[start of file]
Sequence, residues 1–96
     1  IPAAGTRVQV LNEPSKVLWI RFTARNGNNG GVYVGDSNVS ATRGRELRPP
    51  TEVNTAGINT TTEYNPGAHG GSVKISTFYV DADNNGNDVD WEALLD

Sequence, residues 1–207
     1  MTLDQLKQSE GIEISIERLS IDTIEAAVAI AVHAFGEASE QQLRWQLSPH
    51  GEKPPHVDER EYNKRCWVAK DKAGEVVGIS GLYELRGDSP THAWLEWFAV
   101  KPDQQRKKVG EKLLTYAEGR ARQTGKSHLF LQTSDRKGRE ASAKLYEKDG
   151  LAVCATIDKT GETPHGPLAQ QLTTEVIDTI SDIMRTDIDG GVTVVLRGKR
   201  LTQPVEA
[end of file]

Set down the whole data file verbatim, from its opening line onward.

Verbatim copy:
Sequence, residues 1–96
     1  IPAAGTRVQV LNEPSKVLWI RFTARNGNNG GVYVGDSNVS ATRGRELRPP
    51  TEVNTAGINT TTEYNPGAHG GSVKISTFYV DADNNGNDVD WEALLD

Sequence, residues 1–207
     1  MTLDQLKQSE GIEISIERLS IDTIEAAVAI AVHAFGEASE QQLRWQLSPH
    51  GEKPPHVDER EYNKRCWVAK DKAGEVVGIS GLYELRGDSP THAWLEWFAV
   101  KPDQQRKKVG EKLLTYAEGR ARQTGKSHLF LQTSDRKGRE ASAKLYEKDG
   151  LAVCATIDKT GETPHGPLAQ QLTTEVIDTI SDIMRTDIDG GVTVVLRGKR
   201  LTQPVEA